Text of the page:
|A Benchmark and Validation of Bifacial PV Irradiance Models|
|Amir Asgharzadeh1,3, Marc Abou Anoma1, Adam Hoffman1, Chetan Chaudhari1, Sushrut Bapat1, Richard Perkins1, Dan Cohen1, Daniel Riley2, Fatima Toor3, Ben Bourne1
1SunPower Corporation, San Jose, CA, United States
/2Sandia National Laboratories, Albuquerque, NM, United States
/3Electrical and Computer Engineering Department, The University of Iowa, Iowa City, IA, United States
In this study, four bifacial irradiance models with two different methods: 3D ray-tracing (bifacial_radiance), and 2D view-factor (bifacialvf, pvfactors, and PVsyst) are used to model a fixed 35° tilted south-facing PV system installed at Sandia National Laboratories, Albuquerque, NM and a single-axis tracker PV system installed at the SunPower R&D Ranch, Davis, CA. The modeled front and backside irradiances are compared to the measured irradiance from the reference cells installed at the sites. Modeling results show that the RMS error of bifacial_radiance in modeling backside irradiance is lower than the view-factor models. However, the higher accuracy of the ray-tracing model comes at the cost of higher computational time needed to run the simulations. The modeling results also suggest that the racking system’s impact on the backside irradiance reduction is significant for the fixed-tilt system but is not impactful for the single-axis tracker system. It is also shown that bifacialvf and PVsyst have higher accuracy in modeling the frontside irradiance probably due to the angle of incidence (AOI) correction methods used in these models. In general, this study demonstrates that open source and commercially-available bifacial models are sufficiently accurate to rapidly run energy models for fixed-tilt and tracking bifacial PV systems.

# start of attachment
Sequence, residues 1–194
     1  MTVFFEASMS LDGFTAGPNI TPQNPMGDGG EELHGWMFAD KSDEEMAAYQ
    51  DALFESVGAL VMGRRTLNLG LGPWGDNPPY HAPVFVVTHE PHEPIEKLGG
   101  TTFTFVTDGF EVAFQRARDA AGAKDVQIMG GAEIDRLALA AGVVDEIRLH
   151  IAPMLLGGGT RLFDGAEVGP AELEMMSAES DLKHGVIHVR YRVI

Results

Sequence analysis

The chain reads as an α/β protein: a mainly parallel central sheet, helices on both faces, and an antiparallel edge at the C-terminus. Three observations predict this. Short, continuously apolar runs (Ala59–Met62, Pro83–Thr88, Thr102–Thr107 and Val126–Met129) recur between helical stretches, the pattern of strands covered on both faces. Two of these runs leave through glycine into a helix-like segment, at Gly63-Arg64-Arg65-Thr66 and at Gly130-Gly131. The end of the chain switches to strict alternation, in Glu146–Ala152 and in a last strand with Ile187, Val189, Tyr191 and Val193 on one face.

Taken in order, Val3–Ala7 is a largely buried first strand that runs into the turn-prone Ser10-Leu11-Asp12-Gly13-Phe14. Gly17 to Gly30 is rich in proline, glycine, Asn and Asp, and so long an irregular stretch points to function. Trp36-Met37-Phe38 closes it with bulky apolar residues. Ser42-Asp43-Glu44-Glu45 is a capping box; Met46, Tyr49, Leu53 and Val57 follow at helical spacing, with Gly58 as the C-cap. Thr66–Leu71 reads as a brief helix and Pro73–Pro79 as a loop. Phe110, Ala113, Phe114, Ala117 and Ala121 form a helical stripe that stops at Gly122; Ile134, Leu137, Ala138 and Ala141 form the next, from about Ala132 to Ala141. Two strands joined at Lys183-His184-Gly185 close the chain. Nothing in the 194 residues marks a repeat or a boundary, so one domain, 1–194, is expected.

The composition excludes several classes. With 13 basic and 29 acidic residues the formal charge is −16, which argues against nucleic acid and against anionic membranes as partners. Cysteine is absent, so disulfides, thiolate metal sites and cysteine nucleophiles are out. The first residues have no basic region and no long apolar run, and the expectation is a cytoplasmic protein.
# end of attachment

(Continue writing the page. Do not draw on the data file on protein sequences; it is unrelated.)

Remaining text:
Area: Sub-Area 8.3: Models for Energy Prediction